• Pebble Watch (raised over $10 million)
  • Ouya (raised $8.5 million)
  • Elevation Dock (raised nearly $1.5 million)

Another aspect of business that’s been changed forever by FinTech is money transferring – a matter so bothersome historically for entrepreneurs around the world. The company named TransferWise sends funds abroad for a fee 8 times less than that of an average bank. Hard to imagine something more vital for international commerce.

How Many FinTech Categories are There?

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As we’ve mentioned earlier, there isn’t a universal understanding as to what counts as FinTech. Some say it includes all interactions between finance and technology, others consider the industry just a collection of disruptive, financial sector startups. The authorative Venture Scanner, however, names 16 main FinTech categories:

  1. Banking Infrastructure
  2. Business Lending
  3. Consumer and Commercial Banking
  4. Consumer Lending
  5. Consumer Payments
  6. Crowdfunding
  7. Equity Financing
  8. Financial Research and Data
  9. Financial Transaction Security
  10. Institutional Investing
  11. International Money Transfer
  12. Payments Backend and Infrastructure
  13. Personal Finance
  14. Point of Sale Payments
  15. Retail Investing
  16. Small and Medium Business Tools

Of these categories, Consumer Lending appears to be the most interesting for VCs – it has raised $16 billion in funding as of Q4 of 2016. Payment Backend ($10,5 billion) and Business Lending ($9,8 billion) took the second and third places respectively.

How does FinTech Future Look?

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In the light of current geopolitical turbulence many wonder if FinTech will remain a high-performing industry in 2017. The answer, according to field leaders, is basically “very much so”.

Here are some notable predictions for FinTech of 2017:

Paragon CEO, Jim Perry, thinks that the ever-growing presence of real-time payment solutions will require more testing services to be built customly, to check their complex code. Development in this direction, he says, will become a significant part of 2017’s FinTech.

Managing Director of Bottomline Technologies, Nigel Savory, states that both customers and businesses in North America and Europe will largely apply real-payments systems in the year to come, as these solutions are much easier to use than cards and are constantly available. He notes also that the upcoming real-time payment initiatives of SEPA and The Clearing House will add to that trend too.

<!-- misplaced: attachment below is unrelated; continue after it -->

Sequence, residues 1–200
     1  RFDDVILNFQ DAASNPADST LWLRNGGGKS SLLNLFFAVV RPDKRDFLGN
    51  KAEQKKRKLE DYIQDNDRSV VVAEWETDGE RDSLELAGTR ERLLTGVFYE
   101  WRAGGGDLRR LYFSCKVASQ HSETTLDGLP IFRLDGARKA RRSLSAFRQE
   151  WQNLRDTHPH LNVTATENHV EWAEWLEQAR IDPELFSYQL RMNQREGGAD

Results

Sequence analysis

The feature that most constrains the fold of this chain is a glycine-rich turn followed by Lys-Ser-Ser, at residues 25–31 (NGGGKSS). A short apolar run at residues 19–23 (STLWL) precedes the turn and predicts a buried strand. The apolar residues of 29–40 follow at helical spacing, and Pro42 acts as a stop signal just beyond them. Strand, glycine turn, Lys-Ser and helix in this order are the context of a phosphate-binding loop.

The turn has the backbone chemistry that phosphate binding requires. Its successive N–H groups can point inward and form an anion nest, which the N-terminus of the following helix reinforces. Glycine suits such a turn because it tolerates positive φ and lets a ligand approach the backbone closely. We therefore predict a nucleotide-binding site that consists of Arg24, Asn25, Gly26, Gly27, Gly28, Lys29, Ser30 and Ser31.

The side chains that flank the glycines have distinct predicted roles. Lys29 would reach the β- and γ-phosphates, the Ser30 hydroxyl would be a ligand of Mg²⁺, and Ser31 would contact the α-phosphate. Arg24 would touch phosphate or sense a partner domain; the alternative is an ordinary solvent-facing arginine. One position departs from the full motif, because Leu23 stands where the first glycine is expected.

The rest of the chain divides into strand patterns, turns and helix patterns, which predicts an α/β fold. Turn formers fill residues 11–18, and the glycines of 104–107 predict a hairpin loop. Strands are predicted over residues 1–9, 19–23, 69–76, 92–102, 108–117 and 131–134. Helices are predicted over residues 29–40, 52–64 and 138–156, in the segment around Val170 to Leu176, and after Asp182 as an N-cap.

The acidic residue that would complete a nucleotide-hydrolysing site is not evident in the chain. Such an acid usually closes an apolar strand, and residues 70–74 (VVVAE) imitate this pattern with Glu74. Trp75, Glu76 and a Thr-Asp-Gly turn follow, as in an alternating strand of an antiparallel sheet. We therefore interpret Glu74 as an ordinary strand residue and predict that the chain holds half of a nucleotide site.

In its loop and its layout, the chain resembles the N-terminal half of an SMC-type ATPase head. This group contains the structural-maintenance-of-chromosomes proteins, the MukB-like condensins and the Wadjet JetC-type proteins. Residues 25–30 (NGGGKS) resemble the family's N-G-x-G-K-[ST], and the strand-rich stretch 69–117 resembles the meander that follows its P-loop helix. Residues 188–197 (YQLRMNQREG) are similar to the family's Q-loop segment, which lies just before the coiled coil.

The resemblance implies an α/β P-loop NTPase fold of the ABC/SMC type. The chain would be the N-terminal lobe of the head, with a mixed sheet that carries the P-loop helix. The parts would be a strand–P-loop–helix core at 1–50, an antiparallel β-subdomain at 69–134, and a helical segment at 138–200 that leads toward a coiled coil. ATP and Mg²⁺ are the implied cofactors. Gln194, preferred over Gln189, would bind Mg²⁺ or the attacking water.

PwC’s Henri Arslanian expects China, which is already leading FinTech B2C branch in many ways, to conquer the industry completely. Its money market fund, Yu’e Bao, which is now third biggest one in the world, and ZhongAn, an online insurance company with more than 350 million clients, are evidence to him that China’s triumph is inevitable.

Summing Up

There is no escaping the drastic technology improvement, no stopping web applications from reshaping our lives completely. Just think, 2017 promises us the cars that pay toll money by themselves, without you having to touch your wallet, the Refrigerators that automatically order groceries from Freshdirect, and much much more.

Groundbreaking, technology based businesses continue to appear and none of them can exist without funds. FinTech makes dealing with these funds simpler, safer and more efficient. Therefore, it’ll surely stay as relevant and as popular an industry in 2017 and many years afterwards.

At Perfectial, we recognize emerging trends and the importance of FinTech. Plenty of our clients are either FinTech startups founded to disrupt the financial markets or financial institutions struggling to stay competitive in the age of innovation. Our solutions help to achieve both of these purposes.